Speaking of which, Ekaterina's death is achieved so artfully that it is guaranteed to give you goosebumps; it's the kind of scene that part of you wants to skip over because it'll only make you sad, but the gorgeous imagery and advancement of the show's themes make it such a satisfying emotional ache. The footage of the woman being led to her execution is spliced with fantasy scenes of her in a show performing a magical disappearing act. This scene is essentially the darker side of "We Both Reached for the Gun." They both illustrate that while there is a satirical side to the greed of the media and the corruption of the criminal justice system, there can also be deadly consequences.

While the stage version employs similar imagery for this scene, the strongly contrasting settings and eerily similar blocking of the combined reality and fantasy shots pack an emotional punch that is best portrayed on the big screen.

Artistic differences

Movie musicals have an important role in exposing more people to theater; as it is, the live theater experience is only available to those with the means to access it, and both movie adaptations and professional recordings are vital to keeping theater alive.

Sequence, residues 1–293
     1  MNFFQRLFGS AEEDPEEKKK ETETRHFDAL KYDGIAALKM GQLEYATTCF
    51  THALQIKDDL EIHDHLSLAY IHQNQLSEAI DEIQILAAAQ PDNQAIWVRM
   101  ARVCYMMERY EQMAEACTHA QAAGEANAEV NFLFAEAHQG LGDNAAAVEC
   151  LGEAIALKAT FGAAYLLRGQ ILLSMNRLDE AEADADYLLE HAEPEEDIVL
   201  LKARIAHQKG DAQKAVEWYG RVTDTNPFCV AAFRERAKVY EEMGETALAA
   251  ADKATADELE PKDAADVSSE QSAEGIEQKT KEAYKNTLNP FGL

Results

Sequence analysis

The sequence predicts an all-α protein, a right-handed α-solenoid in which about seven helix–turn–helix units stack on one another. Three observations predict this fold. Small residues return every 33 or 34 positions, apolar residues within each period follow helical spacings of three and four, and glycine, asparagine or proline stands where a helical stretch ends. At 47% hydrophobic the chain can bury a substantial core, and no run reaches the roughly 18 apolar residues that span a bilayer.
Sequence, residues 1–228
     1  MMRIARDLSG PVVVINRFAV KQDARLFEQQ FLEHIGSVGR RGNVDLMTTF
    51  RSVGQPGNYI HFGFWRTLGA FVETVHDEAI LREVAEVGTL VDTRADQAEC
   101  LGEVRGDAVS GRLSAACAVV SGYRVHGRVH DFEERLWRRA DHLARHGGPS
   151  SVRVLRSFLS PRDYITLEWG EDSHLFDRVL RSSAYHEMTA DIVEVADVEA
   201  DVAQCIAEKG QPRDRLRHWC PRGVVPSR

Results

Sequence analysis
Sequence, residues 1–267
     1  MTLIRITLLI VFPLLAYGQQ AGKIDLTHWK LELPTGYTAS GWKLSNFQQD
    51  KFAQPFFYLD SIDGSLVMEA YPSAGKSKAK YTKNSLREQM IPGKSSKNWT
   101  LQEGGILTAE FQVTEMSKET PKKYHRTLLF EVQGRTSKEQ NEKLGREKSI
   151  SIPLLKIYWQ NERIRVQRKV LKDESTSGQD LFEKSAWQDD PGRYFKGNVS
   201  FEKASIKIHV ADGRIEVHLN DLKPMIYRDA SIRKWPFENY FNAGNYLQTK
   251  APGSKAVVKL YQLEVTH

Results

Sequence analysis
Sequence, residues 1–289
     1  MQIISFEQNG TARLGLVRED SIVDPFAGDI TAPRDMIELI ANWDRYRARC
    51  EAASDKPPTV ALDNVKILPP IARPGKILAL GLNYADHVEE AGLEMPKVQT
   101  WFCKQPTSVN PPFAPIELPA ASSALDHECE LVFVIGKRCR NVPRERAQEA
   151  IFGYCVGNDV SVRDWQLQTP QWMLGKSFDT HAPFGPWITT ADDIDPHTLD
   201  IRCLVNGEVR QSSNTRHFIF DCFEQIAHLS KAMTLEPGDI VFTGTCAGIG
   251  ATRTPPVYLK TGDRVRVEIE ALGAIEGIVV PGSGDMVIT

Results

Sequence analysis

Still, we can and should hold movie makers to a higher standard when it comes to creating these adaptations. Not every fan is going to enjoy every artistic decision, but most people would probably agree that the point of a stage-to-screen adaptation should be to give the story the advantages of being turned into a film. What makes a movie musical successful is its ability to enhance the original production-not be an exact imitation, or worse, become pared down and glossy, manufactured to the point that it loses all authenticity and charm. What makes the "Chicago" movie so uniquely wonderful is that watching it is just as captivating as seeing the show live.

In conclusion, the show on everybody's lips might be "Dear Evan Hansen" or "West Side Story," but for me, all I care about is "Chicago," and all that jazz.


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From This Author Student Blogger: Alexandra Lang